Although many of his first stories were primarily about sleuthing and the processes used in solving seemingly insolvable crimes, during the 1930s, he began to turn increasingly to stories that involved a combination of sensibilities often called "ero guro nansensu", from the three words "eroticism, grotesquerie, and the nonsensical".[10] The presence of these sensibilities helped him sell his stories to the public, which was increasingly eager to read his work. One finds in these stories a frequent tendency to incorporate elements of what the Japanese at that time called "abnormal sexuality" (変態性欲, hentai seiyoku). For instance, a major portion of the plot of the novel The Demon of the Lonely Isle (孤島の鬼, Kotō no oni), serialized from January 1929 to February 1930 in the journal Morning Sun (朝日, Asahi), involves a homosexual doctor and his infatuation for another main character.[11]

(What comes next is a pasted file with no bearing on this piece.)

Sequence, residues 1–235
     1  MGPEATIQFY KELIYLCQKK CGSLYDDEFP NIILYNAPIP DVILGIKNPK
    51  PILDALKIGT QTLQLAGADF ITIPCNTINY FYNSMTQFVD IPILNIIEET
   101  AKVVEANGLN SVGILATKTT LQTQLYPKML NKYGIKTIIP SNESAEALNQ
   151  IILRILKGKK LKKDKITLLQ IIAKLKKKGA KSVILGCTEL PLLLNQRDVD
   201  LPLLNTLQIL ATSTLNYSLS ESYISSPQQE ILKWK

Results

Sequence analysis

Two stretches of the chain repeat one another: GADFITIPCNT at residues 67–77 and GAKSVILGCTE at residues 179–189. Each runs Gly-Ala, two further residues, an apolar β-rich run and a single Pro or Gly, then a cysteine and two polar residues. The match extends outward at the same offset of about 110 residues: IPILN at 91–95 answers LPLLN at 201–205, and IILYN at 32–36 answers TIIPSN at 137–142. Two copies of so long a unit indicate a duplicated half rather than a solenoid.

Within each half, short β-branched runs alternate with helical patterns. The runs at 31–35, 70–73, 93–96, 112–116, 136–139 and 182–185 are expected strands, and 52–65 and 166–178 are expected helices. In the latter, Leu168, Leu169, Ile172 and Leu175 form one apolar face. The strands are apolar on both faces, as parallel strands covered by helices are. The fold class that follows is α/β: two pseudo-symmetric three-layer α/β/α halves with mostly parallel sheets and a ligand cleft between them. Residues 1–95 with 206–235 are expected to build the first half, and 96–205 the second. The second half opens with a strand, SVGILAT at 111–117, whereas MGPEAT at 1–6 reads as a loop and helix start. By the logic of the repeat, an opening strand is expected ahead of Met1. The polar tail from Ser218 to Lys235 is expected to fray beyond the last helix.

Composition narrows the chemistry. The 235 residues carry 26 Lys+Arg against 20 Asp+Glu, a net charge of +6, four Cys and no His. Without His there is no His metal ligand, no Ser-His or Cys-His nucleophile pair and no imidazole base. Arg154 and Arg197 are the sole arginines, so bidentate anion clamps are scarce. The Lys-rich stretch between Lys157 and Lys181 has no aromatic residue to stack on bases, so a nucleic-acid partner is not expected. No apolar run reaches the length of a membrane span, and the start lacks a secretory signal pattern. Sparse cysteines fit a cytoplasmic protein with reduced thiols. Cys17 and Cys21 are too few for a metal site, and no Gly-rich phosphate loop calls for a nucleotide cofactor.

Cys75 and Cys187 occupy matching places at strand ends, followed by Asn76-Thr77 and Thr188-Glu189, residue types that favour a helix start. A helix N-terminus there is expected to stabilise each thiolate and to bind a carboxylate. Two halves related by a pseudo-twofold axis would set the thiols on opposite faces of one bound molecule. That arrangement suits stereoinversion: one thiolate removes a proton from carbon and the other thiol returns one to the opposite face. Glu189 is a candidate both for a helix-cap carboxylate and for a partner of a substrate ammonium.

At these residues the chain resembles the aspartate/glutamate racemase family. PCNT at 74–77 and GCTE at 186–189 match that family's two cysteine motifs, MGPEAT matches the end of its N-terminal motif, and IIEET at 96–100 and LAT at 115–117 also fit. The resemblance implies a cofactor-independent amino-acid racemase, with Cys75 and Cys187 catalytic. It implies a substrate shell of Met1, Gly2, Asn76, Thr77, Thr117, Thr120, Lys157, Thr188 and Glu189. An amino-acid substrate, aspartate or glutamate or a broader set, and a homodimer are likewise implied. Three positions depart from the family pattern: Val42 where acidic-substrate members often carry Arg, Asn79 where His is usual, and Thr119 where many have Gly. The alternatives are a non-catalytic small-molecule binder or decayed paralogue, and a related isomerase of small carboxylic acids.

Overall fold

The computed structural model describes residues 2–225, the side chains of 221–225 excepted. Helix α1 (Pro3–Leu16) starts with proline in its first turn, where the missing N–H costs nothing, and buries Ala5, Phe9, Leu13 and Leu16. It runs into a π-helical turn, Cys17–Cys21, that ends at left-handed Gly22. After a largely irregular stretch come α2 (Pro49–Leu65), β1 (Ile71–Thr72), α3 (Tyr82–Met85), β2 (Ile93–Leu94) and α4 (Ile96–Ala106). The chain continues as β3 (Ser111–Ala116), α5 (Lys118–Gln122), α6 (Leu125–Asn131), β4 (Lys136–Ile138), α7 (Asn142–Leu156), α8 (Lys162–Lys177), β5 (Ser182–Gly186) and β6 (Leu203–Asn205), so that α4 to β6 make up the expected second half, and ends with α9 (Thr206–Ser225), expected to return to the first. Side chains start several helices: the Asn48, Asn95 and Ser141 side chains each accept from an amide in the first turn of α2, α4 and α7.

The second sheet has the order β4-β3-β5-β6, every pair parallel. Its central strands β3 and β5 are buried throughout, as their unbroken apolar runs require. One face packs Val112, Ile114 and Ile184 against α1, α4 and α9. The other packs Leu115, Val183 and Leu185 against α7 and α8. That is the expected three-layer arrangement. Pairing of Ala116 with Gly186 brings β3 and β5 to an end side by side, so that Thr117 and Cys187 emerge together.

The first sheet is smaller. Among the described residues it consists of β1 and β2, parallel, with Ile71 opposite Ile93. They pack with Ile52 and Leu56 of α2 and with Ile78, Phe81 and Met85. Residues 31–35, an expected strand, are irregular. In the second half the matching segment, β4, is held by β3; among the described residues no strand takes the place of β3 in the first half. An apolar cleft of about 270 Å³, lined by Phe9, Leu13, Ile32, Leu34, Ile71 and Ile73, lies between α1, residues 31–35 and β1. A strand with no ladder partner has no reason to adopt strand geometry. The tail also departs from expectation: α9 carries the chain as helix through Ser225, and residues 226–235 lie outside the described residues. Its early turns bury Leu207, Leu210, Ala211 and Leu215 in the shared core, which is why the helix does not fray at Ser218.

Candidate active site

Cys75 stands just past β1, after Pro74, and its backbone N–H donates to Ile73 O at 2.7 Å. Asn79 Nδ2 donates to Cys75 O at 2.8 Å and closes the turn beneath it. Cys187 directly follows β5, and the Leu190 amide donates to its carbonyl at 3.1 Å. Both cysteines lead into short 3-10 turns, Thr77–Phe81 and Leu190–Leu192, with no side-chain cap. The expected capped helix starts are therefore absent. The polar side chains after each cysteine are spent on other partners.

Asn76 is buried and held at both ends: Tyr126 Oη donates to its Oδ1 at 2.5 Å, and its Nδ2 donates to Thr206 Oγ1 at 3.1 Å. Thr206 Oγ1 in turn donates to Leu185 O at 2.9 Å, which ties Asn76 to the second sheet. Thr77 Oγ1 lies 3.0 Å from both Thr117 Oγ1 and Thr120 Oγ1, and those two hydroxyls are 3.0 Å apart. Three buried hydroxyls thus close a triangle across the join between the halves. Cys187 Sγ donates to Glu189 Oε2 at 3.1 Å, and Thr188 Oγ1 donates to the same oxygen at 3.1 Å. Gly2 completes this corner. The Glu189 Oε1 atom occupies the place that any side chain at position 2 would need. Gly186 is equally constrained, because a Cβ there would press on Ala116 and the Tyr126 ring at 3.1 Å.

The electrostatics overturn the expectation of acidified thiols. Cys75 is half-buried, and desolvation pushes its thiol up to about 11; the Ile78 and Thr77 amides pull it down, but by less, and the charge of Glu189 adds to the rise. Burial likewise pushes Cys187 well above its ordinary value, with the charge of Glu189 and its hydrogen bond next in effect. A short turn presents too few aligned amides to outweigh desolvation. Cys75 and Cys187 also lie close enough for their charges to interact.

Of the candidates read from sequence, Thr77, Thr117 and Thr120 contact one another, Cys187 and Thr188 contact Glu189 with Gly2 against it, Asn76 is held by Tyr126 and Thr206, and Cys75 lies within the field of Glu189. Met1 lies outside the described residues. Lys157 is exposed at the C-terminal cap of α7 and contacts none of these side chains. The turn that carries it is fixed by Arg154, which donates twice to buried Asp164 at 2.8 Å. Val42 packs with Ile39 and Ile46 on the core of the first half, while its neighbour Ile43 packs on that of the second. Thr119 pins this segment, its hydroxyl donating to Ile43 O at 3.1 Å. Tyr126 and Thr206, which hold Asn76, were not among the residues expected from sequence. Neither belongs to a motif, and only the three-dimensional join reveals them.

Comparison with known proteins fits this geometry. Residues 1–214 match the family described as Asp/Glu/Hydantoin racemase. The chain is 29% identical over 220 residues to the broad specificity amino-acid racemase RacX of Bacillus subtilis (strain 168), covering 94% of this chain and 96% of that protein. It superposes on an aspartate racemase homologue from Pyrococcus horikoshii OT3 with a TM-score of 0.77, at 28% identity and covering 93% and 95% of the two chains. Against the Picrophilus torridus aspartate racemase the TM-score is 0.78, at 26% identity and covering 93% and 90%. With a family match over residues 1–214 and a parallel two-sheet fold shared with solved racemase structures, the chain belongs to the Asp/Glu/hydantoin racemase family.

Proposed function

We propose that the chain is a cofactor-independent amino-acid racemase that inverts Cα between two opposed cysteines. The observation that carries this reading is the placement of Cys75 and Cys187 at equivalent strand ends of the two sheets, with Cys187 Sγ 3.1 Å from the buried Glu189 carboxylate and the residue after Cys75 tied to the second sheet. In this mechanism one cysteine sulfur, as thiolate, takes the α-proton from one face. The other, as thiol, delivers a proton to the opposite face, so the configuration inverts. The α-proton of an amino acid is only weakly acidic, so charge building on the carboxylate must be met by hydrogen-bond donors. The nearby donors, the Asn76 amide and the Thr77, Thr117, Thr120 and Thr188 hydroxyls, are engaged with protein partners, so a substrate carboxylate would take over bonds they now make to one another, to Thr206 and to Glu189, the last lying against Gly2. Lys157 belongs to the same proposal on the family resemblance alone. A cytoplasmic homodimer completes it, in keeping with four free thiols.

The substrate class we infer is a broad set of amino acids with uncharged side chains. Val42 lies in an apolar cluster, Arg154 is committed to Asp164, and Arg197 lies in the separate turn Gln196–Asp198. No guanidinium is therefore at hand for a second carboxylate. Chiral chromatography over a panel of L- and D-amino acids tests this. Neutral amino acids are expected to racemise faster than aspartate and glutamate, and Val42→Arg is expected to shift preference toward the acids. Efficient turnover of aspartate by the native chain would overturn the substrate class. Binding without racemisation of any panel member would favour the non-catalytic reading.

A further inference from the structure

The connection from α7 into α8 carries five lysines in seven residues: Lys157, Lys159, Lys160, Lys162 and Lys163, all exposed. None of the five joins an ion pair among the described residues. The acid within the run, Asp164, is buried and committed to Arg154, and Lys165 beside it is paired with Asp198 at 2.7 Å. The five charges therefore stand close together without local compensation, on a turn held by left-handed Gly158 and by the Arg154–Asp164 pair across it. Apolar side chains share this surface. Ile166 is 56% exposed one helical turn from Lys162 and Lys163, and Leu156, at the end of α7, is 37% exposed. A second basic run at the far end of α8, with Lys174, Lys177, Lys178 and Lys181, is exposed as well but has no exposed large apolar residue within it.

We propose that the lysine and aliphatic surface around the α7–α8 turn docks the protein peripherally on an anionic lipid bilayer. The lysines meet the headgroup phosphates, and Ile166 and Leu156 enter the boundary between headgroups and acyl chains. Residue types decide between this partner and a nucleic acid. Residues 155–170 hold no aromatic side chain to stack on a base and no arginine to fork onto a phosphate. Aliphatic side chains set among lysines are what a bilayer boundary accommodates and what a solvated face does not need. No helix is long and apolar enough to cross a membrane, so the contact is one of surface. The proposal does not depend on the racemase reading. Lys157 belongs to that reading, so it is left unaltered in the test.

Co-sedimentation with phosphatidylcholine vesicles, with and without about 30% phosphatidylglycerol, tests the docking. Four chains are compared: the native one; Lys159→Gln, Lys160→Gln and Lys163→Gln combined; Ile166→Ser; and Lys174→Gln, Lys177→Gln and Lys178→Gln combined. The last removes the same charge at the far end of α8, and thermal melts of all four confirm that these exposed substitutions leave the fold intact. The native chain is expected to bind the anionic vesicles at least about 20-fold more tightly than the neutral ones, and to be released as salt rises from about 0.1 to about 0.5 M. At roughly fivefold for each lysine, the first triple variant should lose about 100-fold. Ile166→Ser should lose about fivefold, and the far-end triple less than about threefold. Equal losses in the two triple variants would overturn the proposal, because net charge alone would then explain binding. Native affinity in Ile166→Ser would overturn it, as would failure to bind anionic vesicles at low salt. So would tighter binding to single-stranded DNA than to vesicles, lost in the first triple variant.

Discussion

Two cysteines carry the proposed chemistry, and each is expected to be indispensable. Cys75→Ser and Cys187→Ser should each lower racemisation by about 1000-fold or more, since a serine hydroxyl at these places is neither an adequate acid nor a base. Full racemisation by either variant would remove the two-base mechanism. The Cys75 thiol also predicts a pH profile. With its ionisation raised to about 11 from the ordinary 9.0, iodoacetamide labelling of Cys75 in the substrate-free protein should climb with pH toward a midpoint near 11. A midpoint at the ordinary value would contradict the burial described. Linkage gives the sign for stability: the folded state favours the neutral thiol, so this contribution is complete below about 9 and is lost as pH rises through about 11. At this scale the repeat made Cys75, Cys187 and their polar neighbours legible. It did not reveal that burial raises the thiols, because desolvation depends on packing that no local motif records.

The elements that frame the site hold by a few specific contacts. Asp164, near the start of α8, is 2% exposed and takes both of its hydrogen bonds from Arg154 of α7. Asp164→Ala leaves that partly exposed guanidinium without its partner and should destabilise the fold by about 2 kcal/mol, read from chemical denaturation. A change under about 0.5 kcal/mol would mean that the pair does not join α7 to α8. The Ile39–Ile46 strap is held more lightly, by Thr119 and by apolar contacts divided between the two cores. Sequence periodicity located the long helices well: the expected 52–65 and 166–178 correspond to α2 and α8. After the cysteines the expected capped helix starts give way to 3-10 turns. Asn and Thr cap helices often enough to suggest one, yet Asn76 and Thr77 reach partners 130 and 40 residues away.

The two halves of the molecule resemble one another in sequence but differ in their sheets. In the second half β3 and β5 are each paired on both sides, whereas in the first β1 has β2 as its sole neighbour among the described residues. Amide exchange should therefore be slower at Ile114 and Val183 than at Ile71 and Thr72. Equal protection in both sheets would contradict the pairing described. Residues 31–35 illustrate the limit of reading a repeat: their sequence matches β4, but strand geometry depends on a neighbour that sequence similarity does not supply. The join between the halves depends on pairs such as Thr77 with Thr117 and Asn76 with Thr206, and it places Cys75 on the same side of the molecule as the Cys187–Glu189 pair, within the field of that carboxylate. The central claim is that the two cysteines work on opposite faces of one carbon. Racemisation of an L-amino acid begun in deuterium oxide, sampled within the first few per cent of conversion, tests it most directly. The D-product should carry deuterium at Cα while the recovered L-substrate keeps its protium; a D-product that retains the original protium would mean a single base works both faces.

By the 1930s, Edogawa was writing regularly for a number of major public journals of popular literature, and he had emerged as the foremost voice of Japanese mystery fiction. The detective hero Kogorō Akechi, who had first appeared in the story "The Case of the Murder on D. Hill" became a regular feature in his stories, a number of which pitted him against a dastardly criminal known as the Fiend with Twenty Faces (怪人二十面相, Kaijin ni-jū mensō), who had an incredible ability to disguise himself and move throughout society. (A number of these novels were subsequently made into films.) The 1930 novel introduced the adolescent Kobayashi Yoshio (小林芳雄) as Kogoro's sidekick, and in the period after World War II, Edogawa wrote a number of novels for young readers that involved Kogoro and Kobayashi as the leaders of a group of young sleuths called the "Boy Detectives Club" (少年探偵団, Shōnen tantei dan). These works were wildly popular and are still read by many young Japanese readers, much like the Hardy Boys or Nancy Drew mysteries are popular mysteries for adolescents in the English-speaking world.